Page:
Greeley’s eyes were searching Becca’s. Becca turned back towards the poster, blinking back the beginning of something emotional. She was not going to lose it. Not with Greeley. Becca stared hard at the poster. HOW DOES THE FUTURE LOOK? “Umm. How hard is it..to be a..n..astronaut.” Such a loser. She was such a loser.
“Huh,” said Greeley. She smiled broadly, revealing a filling that was whiter than the rest of her teeth. “That is the very first time anyone’s ever asked me that question. Let’s see what we can find out on line.”
Mrs. Greeley marched ahead to a computer desk, Becca trailing behind her.
Greeley was wearing hideous black wedgie lace-ups. Her skirt was pretty bad, too. It was turquoise and stiff and it stuck out on the sides like it was made out of chair fabric. She’d sat on it wrong so one side of her skirt was folded straight back. Greeley didn’t have a clue. At Becca’s house, wrinkles were called mediocrity statements. Becca would hazard a guess that Greeley qualified as a mediocrity proclamation. Maybe even a mediocrity manifesto.
“I imagine making it into NASA is pretty tough.’ Mrs. Greeley said, dropping into a chair at a computer desk. She vaguely gestured towards a bunch of chairs across the room. “Bring one of those over.”
Becca sighed and crossed to the chairs. There was a round table and racks of pamphlets and beyond that, two small offices where you private talking probably happened. MJ was nowhere in sight. Becca dragged a chair across the carpet, getting small shocks off the chrome all the way to computer desk.
“I think,” Greeley said, still searching, “That you need to start off with a Bachelor of Science or something in advanced Engineering. What are your grades like?”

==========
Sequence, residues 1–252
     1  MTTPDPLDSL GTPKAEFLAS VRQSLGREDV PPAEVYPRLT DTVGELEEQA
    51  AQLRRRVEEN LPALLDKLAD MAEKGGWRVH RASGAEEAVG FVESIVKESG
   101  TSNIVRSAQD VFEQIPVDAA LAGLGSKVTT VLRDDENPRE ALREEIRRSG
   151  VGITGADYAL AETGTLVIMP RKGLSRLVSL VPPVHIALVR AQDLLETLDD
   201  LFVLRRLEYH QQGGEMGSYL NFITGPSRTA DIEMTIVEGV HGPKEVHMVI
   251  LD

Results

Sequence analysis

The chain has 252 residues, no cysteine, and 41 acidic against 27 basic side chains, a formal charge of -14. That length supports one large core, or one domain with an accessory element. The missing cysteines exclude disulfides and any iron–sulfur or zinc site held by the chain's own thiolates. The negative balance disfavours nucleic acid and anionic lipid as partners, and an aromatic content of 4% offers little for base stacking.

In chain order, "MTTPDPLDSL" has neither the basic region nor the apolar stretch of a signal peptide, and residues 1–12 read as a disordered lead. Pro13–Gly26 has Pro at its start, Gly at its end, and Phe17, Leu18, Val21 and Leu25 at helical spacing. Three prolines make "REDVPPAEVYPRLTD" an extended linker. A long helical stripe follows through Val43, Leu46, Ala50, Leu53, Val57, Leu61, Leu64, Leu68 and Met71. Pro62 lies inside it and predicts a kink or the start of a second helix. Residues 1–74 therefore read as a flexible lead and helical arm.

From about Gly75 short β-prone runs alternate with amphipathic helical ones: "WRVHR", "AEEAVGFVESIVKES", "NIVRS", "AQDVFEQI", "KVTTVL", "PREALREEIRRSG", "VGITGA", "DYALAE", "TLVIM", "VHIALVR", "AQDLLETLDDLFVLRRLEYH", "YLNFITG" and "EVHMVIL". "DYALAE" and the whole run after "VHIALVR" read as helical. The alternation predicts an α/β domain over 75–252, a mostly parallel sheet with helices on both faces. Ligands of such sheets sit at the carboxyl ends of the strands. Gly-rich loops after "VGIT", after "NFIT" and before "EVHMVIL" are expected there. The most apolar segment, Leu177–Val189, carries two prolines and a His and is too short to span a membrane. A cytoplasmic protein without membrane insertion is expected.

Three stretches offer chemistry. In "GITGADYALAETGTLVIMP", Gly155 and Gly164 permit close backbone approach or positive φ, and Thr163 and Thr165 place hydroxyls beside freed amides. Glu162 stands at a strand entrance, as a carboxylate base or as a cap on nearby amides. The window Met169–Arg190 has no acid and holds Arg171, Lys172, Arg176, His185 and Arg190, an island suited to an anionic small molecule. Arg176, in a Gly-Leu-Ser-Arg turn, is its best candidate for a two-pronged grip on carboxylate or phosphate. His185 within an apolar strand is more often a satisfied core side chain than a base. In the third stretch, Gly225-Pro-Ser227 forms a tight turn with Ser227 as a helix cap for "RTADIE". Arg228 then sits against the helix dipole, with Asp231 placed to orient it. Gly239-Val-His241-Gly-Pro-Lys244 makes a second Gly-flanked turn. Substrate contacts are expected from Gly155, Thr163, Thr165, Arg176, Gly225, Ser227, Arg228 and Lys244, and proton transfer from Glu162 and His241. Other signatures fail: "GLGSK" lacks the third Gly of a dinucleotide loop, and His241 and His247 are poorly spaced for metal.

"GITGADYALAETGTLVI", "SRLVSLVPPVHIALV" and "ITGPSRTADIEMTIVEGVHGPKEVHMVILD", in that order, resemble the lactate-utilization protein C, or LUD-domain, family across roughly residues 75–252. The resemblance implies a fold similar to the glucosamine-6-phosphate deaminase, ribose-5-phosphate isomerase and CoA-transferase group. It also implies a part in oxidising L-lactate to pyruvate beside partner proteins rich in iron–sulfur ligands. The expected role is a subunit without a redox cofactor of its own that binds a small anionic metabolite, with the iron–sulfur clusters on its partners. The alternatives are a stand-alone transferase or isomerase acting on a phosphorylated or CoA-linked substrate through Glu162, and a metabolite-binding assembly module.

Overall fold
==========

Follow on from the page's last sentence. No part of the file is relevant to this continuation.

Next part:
Becca sat. “A minuses and B plusses.”
The counsellor wrinkled her nose like something didn’t smell good but she wasn’t going to say so. She clicked through a few web pages. “So why do you want to be an astronaut?”
“I want to be alone.”
“Well, I don’t get the sense you’d be alone in space.” said Greeley. “From my understanding, astronauts work closely with an big team of people on earth who are responsible for keeping them safe.” Her eyes searched Becca’s for signs of comprehension which is when Becca felt her eyes sting.
It was the closest Becca had ever come to telling someone other than her mom how she felt.
Greeley noticed Becca’s change of expression. All of a sudden, her voice became concerned. “BUT you know, if you know you WANT to work alone, there are plenty of jobs you can do.”
“I don’t think so.”
“Oh, dear. I didn’t mean to discourage you but you know, it would be a shame to put in all those years of study and then not have things turn out the way you want.”
“I just want to go away.”
Greeley frowned. “Go away where? You mean travel?” She peered at Becca and waited for an answer.
Becca stood up. “I have to go. I have to get to class.”
“Are you sure. Don’t you want to talk?”
Becca nodded and grabbed a random pamphlet on the way out. She didn’t like where the conversation was going. Greeley was sympathetic and all that but she definitely didn’t want to be a travel agent.
NEXT WEEK: A kindred spirit. Maybe.
NEXT WEEK: A kindred spirit. Maybe.